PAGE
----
- Vote! People think that voting in the primaries at this point is silly since the parties have basically already decided on their presidential nominees. But important congressional seats are up for election as well as state senate and assembly positions. It takes literally 2 minutes to apply to vote absentee.
- Donate to the family of a victim of racial violence/police brutality and sign petitions to charge officers, get laws enacted to ban no-knock warrants and other unfair and racist practices. Blacklivesmatter.carrd.co has consolidated many of these portals, sites and resources.
- Support Black-Owned Businesses! Download this app, Official Black Wall Street, to find black-owned businesses in your area and make it a point to shop at these places. Eventually, they will just become part of your regular circuit.
Now that you have some resources and means to direct your passion and make a difference, you may be asking yourself, what is a triple heater? A pericardium? Those are organs?! The answer is yes! In traditional Chinese medicine, the fire element is uniquely comprised of these 4 fire organs. Below are a few basic characteristics to help you understand these powerful fire elements and how they manifest in us physically and emotionally.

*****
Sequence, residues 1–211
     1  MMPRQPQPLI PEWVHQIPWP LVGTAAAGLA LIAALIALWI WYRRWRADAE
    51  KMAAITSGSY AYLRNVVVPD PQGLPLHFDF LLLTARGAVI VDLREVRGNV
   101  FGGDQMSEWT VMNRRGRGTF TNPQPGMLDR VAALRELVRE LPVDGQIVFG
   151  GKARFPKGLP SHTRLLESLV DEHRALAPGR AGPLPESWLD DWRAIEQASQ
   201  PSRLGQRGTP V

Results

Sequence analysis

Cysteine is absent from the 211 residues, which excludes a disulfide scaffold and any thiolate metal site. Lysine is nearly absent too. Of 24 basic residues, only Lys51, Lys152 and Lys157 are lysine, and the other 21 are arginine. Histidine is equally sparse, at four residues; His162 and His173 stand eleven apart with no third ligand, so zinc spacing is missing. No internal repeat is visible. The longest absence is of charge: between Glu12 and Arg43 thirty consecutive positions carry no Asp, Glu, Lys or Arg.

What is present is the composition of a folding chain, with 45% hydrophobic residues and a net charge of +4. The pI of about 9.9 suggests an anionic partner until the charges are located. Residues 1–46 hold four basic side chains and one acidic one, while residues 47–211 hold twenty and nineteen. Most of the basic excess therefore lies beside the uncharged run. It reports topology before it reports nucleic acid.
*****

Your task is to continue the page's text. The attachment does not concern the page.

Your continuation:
Heart: The heart houses the spirit and is the seat of consciousness. It allows us to connect on an intimate level with ourselves and others. It powers our circulation and the flow of qi and blood throughout the body.
Small Intestine: The small intestine is in charge of separating the “pure” from the “impure” physically, emotionally and spiritually. Small intestine imbalances can manifest as indecisiveness in figuring out what to hold onto in our lives and what to let go of; feelings of confusion; feeling stuck; or experiencing digestive issues such as leaky gut or food intolerance.
Pericardium: The Pericardium is the heart protector, the drawbridge to the heart, letting relationships in or keeping them out. It also physically promotes circulation through our bodies.